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Stalemate after the Battle of Mantinea

The alliances of the various city-states shifted often in the repeated conflicts that took place in Greece during these early decades of the fourth century B.C. The threat from Thessaly faded with Jason's murder1 in 370 B.C., and the former enemies Sparta and Athens momentarily allied against the Thebans in the battle of Mantinea in the Peloponnese in 362 B.C. Thebes won the battle but lost the war when its great leader Epaminondas2 fell at Mantinea3 and no credible replacement for him could be found. The Theban quest for dominance in Greece was over. Xenophon adroitly summed up the situation after 362 B.C. with these closing remarks4 from the history that he wrote of the Greeks in his time (Hellenica ): “Everyone had supposed that the winners of this battle would be Greece's rulers and its losers their subjects; but there was only more confusion and disturbance in Greece after it than before.” The truth of his analysis was confirmed when the naval alliance led by Athens dissolved5 in the mid-350s B.C. in a war among the leader and the allies.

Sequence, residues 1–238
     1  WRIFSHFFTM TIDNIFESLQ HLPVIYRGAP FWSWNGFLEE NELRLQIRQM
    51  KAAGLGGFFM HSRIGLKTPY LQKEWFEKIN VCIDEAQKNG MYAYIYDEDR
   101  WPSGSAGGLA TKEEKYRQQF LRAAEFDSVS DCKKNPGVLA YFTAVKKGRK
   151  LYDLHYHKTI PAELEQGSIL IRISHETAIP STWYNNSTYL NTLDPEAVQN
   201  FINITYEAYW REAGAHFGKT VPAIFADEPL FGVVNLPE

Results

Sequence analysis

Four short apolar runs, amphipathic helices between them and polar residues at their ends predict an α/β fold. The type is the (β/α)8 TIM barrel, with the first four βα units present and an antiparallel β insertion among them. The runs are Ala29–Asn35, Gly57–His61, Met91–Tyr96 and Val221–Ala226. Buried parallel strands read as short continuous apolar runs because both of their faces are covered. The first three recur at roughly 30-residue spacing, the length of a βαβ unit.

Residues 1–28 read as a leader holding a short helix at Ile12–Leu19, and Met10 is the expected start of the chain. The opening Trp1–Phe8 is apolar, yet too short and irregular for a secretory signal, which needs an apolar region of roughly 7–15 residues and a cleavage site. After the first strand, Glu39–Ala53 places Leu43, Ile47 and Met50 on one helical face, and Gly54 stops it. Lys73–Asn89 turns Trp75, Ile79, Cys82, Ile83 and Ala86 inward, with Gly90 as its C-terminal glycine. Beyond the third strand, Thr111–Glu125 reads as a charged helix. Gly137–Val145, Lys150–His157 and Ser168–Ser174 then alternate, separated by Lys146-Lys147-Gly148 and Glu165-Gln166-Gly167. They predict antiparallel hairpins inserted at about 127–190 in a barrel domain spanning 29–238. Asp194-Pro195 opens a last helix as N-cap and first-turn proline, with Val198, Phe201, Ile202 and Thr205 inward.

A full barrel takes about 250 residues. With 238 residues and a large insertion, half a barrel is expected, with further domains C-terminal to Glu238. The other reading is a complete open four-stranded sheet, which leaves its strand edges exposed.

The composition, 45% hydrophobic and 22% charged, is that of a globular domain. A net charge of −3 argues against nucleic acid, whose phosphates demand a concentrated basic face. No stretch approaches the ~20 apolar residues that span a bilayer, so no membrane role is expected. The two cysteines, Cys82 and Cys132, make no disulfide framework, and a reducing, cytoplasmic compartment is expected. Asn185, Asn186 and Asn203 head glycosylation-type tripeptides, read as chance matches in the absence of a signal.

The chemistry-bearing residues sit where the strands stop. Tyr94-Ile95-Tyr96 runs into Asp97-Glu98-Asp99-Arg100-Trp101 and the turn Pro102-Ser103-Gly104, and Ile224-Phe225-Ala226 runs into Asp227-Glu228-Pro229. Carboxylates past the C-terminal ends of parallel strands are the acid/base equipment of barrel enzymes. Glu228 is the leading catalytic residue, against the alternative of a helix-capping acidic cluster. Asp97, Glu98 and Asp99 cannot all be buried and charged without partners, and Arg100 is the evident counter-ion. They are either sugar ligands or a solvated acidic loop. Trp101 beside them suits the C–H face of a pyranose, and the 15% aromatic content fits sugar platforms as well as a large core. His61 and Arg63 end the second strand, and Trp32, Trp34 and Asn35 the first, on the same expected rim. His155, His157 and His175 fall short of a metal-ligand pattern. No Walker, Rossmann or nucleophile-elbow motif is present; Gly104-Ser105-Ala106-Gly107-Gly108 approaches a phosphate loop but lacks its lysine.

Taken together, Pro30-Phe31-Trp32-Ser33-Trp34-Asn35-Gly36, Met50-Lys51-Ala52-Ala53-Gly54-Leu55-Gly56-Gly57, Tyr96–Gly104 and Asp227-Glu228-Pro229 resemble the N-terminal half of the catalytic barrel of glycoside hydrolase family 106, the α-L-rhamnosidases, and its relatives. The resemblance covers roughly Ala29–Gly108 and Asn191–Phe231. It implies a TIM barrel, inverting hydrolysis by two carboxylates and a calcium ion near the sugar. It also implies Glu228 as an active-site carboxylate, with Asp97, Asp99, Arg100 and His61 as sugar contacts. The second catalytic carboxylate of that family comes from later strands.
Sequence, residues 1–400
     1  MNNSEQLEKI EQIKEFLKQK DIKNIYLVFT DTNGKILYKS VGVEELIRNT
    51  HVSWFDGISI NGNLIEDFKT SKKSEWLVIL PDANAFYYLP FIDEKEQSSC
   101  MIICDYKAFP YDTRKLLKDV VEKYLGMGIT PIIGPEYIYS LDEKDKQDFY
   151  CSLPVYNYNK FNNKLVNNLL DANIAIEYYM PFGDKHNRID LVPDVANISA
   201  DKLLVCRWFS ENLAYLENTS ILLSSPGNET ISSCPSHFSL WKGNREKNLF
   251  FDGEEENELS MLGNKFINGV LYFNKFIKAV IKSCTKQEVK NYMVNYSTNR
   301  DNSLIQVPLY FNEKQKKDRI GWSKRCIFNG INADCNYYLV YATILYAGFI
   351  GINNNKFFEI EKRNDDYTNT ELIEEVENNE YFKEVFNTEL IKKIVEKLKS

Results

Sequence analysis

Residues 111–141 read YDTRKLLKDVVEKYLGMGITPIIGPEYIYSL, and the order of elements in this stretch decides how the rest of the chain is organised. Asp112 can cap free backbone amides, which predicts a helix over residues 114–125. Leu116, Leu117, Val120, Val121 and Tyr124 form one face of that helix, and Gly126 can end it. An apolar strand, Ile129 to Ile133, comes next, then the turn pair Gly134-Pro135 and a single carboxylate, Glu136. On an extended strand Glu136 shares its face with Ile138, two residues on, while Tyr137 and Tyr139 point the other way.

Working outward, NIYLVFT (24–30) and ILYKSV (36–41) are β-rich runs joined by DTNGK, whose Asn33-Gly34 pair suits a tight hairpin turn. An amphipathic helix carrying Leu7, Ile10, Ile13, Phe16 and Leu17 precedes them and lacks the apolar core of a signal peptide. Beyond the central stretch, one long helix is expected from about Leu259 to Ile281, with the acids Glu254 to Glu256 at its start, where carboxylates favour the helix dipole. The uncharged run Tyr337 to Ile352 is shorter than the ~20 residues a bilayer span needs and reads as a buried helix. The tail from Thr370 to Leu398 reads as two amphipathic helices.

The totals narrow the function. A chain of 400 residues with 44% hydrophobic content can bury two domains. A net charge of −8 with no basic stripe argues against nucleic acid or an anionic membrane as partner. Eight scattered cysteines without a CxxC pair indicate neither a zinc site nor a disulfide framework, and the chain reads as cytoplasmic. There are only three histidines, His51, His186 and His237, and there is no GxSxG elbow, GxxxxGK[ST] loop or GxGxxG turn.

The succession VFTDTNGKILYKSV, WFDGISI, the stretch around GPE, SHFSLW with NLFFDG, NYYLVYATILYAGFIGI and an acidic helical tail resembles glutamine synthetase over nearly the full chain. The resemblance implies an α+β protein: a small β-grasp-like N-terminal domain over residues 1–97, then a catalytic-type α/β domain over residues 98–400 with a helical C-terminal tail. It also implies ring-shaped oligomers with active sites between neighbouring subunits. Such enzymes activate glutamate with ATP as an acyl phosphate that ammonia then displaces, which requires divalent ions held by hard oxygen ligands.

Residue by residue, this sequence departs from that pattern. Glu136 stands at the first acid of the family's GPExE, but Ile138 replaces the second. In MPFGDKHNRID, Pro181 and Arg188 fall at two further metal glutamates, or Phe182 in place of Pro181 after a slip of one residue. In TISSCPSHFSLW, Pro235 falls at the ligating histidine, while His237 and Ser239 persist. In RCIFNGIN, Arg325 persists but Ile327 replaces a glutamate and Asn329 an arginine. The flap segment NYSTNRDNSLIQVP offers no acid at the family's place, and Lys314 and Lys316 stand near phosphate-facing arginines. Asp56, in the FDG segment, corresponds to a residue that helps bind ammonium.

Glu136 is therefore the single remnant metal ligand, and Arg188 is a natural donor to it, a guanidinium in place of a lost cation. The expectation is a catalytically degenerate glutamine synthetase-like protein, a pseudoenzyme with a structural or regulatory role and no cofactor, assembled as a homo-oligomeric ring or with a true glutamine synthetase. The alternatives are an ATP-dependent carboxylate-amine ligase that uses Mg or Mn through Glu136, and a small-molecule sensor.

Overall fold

All the efforts of the various major Greek states to extend their hegemony over mainland Greece in this period therefore ended in failure. By the mid 350s B.C., no Greek city-state had the power to rule more than itself on a consistent basis. The struggle for supremacy in Greece that had begun eighty years earlier with the outbreak of the Peloponnesian War had finally ended in a stalemate of exhaustion that opened the way for a new power— the kingdom of Macedonia.

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